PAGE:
The Corner

Where’s George?

President Bush found time to campaign for Arlen Specter in a GOP primary last month. So why hasn’t he gone to South Dakota to help Larry Diedrich, the Republican candidate in tomorrow’s special election for the state’s single seat in the House of Representatives? Democrat Stephanie Herseth is said to be leading in the polls, but South Dakota is Bush country–the president might rally the base and push Diedrich to victory. (The special election is to replace Bill Janklow, the Republican who just went to prison for vehicular manslaughter.) If Herseth prevails, it would mark the second time in a row Democrats have triumphed in one of these House special elections–something that Republicans had been very good at doing in the 1990s. That’s a disturbing trend. A Herseth win also would bode poorly for John Thune’s challenge to Tom Daschle–polls show a close race, with Daschle consistently under 50-percent and Thune just a couple of points behind. Most important, however, is the fact that South Dakota’s House seat is an incubator for greater things because it’s bascially a statewide election. Successful candidates are well positioned to run for the Senate or governor later on. So if someday we’re scratching our heads and wondering why South Dakota keeps sending Sen. Herseth back to Washington, at least we should know how it got started.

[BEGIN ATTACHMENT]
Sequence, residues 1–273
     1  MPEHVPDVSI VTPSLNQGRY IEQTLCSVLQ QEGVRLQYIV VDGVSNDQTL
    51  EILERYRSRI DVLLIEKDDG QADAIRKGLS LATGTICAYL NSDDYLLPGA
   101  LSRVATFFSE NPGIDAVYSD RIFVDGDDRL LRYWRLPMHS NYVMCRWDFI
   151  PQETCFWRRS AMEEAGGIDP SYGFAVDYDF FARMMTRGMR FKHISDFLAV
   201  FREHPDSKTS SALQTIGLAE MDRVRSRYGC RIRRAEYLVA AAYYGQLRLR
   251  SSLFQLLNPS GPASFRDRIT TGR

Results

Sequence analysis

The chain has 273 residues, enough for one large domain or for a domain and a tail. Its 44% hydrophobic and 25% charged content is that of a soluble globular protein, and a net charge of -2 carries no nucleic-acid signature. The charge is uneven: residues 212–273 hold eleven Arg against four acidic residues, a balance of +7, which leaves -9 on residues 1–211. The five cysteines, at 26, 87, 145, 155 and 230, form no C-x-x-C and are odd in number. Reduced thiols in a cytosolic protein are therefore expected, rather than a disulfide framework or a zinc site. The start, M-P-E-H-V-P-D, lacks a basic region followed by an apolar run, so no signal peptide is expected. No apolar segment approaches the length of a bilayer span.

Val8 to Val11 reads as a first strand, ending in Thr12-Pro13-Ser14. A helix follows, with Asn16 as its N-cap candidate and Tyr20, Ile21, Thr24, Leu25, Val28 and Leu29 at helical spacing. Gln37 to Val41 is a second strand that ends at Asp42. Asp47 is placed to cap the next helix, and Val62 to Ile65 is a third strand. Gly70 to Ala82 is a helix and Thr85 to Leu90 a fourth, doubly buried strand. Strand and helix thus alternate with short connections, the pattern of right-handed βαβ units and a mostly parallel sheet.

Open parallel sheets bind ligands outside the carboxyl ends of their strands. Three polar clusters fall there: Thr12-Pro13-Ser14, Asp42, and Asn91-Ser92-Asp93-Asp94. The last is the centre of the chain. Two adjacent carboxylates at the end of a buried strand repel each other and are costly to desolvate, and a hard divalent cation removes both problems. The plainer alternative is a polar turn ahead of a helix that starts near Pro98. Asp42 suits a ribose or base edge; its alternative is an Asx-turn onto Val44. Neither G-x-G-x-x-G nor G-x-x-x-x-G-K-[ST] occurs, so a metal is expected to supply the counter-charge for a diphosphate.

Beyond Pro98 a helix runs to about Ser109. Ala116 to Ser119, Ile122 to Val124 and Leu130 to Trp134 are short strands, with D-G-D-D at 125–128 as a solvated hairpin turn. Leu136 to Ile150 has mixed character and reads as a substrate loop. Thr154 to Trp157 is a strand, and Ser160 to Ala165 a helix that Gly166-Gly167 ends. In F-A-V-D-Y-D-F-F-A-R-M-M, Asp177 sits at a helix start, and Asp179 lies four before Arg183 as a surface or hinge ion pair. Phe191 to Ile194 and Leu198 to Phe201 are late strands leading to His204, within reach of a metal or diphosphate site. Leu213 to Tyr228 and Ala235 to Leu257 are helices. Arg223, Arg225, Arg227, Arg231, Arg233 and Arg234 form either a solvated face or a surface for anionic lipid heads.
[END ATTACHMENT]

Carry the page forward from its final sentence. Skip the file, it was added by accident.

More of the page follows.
John J. Miller, the national correspondent for National Review and host of its Great Books podcast, is the director of the Dow Journalism Program at Hillsdale College. He is the author of A Gift of Freedom: How the John M. Olin Foundation Changed America.

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